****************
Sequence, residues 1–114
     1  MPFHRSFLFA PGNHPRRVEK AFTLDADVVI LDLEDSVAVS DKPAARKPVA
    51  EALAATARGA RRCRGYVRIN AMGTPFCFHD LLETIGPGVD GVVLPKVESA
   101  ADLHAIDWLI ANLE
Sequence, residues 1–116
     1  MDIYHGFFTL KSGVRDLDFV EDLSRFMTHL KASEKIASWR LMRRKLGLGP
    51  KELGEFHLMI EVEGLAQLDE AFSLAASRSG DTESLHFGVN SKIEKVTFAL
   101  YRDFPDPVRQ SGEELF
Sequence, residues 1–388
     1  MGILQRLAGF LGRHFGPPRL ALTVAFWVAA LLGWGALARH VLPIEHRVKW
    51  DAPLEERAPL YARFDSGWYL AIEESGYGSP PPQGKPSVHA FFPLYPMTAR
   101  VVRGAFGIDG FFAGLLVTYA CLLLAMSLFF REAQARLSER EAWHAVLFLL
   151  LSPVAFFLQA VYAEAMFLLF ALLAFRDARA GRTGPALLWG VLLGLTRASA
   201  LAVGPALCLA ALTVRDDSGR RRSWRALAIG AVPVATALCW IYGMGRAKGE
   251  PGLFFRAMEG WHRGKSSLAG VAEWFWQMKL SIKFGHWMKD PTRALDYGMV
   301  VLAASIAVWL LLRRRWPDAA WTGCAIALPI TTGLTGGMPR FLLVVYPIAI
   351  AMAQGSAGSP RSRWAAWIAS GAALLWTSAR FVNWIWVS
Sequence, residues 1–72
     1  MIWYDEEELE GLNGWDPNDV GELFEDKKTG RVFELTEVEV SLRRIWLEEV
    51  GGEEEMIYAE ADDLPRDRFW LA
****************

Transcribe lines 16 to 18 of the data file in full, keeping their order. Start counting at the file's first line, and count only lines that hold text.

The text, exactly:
   301  VLAASIAVWL LLRRRWPDAA WTGCAIALPI TTGLTGGMPR FLLVVYPIAI
   351  AMAQGSAGSP RSRWAAWIAS GAALLWTSAR FVNWIWVS
Sequence, residues 1–72